Travel Back in Time at Colorado’s Historic Matchless Mine
Colorado has a rich mining history that dates back to 1858. The industry was booming in the state during the nineteenth and early twentieth centuries and at that time, mining contributed massively to Colorado's successful economy
A majority of Colorado's mining towns were located in the mountainous central and southwest parts of the state. There are still quite a few active mines throughout the Centennial State and plenty of abandoned ones as well. Deserted mines serve as important reminders of the industry's long history here.
Leadville's Matchless Mine is still standing to this day and is considered to be a true legacy of the American west. The destination provides a great glimpse at how one of the most successful mines in the era once operated.
Silver tycoon, Horace Tabor, purchased the Matchless Mine in 1879. The famous mine was a part of the Leadville Mining District and under Tabor's ownership, was one of the richest silver producers of the time.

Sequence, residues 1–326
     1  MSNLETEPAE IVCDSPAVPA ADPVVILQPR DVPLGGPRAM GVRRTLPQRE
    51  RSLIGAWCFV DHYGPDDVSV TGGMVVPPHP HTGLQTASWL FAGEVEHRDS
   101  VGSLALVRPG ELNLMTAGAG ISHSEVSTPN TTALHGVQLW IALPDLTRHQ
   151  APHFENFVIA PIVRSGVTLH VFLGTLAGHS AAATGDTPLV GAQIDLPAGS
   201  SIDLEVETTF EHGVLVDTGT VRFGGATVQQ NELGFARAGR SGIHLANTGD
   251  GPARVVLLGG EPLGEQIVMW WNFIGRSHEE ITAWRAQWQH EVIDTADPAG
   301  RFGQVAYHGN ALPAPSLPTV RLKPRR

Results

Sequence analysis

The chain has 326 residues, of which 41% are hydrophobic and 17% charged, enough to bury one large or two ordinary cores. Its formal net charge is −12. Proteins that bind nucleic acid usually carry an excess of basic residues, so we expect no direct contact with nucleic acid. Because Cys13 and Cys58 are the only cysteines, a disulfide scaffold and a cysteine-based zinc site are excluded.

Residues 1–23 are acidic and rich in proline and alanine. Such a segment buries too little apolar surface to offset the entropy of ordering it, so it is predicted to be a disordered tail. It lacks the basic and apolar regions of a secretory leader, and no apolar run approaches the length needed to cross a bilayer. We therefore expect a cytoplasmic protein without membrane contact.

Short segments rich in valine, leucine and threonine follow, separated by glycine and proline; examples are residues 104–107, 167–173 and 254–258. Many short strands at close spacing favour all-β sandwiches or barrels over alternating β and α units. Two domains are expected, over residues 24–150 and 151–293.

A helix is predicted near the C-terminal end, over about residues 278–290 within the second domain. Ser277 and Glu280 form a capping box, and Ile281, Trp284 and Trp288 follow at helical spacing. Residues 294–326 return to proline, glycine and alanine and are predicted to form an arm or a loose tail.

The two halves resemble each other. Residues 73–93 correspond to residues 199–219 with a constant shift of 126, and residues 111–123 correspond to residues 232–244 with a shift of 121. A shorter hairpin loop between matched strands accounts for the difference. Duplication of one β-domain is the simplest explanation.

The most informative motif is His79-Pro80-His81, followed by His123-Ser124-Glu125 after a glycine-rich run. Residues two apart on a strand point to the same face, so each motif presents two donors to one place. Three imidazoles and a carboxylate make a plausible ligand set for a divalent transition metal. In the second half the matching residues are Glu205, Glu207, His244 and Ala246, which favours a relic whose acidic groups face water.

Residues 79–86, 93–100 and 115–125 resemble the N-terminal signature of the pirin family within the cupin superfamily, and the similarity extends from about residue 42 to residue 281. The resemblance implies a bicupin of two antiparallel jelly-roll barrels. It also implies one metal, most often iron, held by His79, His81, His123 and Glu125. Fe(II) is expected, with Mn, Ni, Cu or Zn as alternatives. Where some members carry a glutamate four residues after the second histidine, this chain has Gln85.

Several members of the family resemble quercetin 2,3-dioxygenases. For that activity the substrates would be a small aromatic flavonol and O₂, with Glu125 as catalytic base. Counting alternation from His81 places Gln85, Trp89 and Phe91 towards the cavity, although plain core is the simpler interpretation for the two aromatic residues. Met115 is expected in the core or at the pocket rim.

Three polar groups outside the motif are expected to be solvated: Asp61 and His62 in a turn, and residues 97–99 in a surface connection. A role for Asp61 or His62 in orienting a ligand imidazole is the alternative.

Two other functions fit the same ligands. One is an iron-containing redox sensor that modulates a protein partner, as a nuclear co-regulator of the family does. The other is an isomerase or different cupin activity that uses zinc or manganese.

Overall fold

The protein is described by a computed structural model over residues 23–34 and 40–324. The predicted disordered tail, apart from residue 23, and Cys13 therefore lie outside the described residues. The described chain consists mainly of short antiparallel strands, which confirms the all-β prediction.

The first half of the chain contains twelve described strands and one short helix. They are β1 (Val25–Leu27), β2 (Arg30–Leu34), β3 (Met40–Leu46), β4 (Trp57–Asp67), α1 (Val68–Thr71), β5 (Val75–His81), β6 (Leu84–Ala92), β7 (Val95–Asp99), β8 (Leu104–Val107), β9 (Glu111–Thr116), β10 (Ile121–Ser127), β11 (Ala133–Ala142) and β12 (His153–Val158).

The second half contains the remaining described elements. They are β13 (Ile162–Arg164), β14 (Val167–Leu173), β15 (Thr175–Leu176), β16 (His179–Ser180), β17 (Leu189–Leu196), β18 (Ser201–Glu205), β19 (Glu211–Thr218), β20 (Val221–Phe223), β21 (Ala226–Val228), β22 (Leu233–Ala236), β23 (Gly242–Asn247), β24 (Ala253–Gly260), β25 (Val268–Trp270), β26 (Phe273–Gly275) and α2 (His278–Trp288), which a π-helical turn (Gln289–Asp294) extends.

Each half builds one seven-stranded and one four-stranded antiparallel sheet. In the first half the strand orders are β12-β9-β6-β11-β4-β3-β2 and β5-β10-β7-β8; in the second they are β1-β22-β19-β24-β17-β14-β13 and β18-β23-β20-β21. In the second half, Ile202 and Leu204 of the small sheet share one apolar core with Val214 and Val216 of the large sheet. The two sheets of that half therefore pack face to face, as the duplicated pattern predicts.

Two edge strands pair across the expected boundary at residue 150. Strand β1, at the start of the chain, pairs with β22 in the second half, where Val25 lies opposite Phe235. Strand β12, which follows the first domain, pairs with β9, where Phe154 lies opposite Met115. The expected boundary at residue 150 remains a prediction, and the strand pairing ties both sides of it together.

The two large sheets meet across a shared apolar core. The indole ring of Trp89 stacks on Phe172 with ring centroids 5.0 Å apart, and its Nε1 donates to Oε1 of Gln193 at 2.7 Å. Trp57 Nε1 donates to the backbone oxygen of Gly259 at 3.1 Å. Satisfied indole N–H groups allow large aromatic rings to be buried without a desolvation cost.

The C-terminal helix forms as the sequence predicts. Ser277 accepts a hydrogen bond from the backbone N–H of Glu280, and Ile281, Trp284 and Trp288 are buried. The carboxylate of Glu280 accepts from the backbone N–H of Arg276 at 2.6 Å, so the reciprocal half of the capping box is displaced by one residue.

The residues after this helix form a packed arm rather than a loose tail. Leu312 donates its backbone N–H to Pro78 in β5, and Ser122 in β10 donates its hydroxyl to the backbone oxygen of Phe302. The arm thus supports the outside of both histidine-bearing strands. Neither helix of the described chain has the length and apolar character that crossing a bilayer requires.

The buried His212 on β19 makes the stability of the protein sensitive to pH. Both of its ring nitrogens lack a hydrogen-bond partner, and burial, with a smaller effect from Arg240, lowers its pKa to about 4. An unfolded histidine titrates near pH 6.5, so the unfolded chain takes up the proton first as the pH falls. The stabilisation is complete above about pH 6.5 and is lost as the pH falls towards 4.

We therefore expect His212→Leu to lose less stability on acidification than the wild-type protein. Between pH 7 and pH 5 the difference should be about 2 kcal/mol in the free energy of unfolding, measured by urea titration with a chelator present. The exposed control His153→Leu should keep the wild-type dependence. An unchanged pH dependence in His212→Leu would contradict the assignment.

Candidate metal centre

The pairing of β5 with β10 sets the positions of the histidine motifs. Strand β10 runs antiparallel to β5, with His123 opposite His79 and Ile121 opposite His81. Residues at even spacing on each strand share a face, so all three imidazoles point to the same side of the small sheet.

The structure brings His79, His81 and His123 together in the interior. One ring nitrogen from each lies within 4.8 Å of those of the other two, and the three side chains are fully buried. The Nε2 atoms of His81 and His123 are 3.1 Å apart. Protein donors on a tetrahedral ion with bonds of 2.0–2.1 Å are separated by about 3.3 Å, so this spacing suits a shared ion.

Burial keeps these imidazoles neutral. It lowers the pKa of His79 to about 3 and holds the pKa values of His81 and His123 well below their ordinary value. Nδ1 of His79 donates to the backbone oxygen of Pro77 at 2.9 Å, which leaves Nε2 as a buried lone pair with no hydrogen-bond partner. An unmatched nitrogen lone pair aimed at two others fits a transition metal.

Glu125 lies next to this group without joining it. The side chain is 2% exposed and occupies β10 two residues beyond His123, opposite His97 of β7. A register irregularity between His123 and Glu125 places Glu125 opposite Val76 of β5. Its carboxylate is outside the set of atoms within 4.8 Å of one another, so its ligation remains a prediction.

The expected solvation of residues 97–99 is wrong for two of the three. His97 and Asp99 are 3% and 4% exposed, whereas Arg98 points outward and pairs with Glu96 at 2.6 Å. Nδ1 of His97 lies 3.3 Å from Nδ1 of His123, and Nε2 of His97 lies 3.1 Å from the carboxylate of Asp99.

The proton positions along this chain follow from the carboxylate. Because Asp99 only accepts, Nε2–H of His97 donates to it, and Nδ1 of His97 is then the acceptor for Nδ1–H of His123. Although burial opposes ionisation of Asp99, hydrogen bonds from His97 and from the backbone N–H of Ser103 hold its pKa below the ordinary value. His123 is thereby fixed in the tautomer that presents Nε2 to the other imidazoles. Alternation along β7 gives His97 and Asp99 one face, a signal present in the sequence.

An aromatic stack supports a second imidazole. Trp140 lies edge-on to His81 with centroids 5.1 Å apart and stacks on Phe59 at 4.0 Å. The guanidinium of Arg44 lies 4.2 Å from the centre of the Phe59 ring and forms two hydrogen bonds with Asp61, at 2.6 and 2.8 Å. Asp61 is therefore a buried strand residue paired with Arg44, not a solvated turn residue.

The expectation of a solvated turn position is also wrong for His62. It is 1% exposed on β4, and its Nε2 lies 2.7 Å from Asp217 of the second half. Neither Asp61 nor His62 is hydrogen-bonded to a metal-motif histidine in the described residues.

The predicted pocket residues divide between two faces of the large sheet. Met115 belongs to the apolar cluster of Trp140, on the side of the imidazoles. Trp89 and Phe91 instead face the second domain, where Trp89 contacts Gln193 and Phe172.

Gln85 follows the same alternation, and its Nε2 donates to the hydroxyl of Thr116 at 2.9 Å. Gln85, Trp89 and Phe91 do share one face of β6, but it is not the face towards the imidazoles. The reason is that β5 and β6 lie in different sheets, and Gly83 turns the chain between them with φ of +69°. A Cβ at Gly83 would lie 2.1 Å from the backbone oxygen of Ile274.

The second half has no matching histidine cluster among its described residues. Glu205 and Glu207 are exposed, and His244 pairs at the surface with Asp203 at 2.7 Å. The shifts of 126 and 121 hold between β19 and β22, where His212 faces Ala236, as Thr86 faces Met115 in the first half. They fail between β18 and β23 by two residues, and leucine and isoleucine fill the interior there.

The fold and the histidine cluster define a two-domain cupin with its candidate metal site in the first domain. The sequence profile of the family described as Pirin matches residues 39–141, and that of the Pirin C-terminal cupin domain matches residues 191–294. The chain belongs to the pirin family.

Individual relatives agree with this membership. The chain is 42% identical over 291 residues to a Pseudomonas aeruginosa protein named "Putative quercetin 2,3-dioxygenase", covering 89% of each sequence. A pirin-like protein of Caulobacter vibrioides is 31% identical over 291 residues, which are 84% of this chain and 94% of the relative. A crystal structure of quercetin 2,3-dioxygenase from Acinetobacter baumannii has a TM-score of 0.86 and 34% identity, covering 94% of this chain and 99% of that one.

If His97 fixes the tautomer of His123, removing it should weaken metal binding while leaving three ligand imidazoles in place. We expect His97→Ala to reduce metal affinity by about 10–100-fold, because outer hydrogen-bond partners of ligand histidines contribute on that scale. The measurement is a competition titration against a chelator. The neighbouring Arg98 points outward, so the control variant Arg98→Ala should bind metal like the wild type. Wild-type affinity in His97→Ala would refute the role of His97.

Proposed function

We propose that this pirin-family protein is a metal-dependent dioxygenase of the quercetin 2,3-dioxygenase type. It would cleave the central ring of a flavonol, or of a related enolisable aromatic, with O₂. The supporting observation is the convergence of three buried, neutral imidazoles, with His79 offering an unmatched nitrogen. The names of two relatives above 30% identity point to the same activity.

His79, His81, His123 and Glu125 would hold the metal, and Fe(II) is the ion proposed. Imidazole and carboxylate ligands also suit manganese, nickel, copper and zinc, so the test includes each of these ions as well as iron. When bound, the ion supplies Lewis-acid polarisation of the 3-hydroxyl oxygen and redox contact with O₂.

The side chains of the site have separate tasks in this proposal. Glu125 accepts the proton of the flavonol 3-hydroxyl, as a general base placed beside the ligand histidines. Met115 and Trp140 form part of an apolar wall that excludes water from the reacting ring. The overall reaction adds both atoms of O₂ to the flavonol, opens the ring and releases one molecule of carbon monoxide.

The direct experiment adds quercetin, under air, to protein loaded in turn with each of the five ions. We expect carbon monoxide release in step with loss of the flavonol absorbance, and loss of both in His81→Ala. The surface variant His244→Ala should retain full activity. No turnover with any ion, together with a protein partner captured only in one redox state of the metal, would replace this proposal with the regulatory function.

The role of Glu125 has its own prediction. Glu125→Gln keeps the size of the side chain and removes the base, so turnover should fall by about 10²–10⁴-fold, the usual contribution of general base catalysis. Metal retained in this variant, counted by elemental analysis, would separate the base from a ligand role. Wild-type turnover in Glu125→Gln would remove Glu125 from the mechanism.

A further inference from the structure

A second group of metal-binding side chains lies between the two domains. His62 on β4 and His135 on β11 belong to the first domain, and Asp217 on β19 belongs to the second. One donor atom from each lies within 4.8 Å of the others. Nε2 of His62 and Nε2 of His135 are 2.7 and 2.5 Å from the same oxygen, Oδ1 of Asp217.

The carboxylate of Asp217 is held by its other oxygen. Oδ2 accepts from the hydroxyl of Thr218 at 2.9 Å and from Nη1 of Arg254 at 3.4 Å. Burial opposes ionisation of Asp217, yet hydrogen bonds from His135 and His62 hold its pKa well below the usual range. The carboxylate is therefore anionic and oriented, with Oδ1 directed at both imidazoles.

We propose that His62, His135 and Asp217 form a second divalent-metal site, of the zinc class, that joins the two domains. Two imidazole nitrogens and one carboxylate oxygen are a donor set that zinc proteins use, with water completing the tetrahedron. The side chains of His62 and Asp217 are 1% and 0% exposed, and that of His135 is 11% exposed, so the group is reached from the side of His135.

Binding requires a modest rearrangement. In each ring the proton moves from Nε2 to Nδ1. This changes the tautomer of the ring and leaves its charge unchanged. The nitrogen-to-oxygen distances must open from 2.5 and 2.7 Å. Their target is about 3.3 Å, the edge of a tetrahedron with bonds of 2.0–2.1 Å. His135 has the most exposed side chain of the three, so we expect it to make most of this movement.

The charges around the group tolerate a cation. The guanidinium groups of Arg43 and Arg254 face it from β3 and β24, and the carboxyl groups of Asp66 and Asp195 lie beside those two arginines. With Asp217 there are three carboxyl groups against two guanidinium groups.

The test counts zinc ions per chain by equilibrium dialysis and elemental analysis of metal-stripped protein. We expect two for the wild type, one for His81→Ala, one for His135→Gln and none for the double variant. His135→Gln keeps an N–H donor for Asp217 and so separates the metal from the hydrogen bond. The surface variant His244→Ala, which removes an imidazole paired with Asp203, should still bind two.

However, the mineral-based business endeavor ultimately resulted in Tabor and his wife Elizabeth "Baby Doe" going broke by the mid-1880s. The declined value of silver, paired with the couple's extravagant spending habits left them nearly penniless. Tabor died in 1899 but his widow continued to live on the property in a superintendent cabin for three more decades. She had optimistically hoped the mine would eventually become a successful producer again, but that never happened.
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In the late 1920s, the property was finally foreclosed and sold to the Shorego Mining Company at a Lake County Sheriff’s sale. The new owners allowed Baby Doe to continue living on the grounds but she was found frozen in her cabin in March 1935.
In 1953 the nonprofit Leadville Assembly began to restore and stabilize the structures on-site at the Matchless Mine.
Nowadays, people can visit the historic structure and some of its surrounding buildings. The tours take guests directly to the original mining shaft and provide a look at the headframe that was used to pull ore from the ground. Visitors also get to peer inside Baby Doe's cabin and see where she lived with her daughters after her beloved husband passed away. Additionally, guests get to step inside the No. 6 hoist house, view the powder magazine, plus check the former blacksmith shop.
Mine tours are scheduled between Memorial Day through the end of September, with multiple tour times each day.
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The historical landmark can be found by taking 7th Street east from Harrison Avenue. Then, following 7th for approximately 1.25 miles. A purple ore bucket on the left side of the road means you've made it to the Leadville attraction.